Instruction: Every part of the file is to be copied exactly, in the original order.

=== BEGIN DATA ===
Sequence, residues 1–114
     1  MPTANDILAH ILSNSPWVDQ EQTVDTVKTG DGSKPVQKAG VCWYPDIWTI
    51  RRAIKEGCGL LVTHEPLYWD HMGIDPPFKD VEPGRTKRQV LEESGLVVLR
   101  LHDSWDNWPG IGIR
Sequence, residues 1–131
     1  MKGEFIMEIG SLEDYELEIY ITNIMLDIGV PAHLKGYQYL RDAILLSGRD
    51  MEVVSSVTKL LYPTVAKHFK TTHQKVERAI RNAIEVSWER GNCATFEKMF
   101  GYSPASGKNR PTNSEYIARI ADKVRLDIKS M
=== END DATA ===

Sequence, residues 1–114
     1  MPTANDILAH ILSNSPWVDQ EQTVDTVKTG DGSKPVQKAG VCWYPDIWTI
    51  RRAIKEGCGL LVTHEPLYWD HMGIDPPFKD VEPGRTKRQV LEESGLVVLR
   101  LHDSWDNWPG IGIR
Sequence, residues 1–131
     1  MKGEFIMEIG SLEDYELEIY ITNIMLDIGV PAHLKGYQYL RDAILLSGRD
    51  MEVVSSVTKL LYPTVAKHFK TTHQKVERAI RNAIEVSWER GNCATFEKMF
   101  GYSPASGKNR PTNSEYIARI ADKVRLDIKS M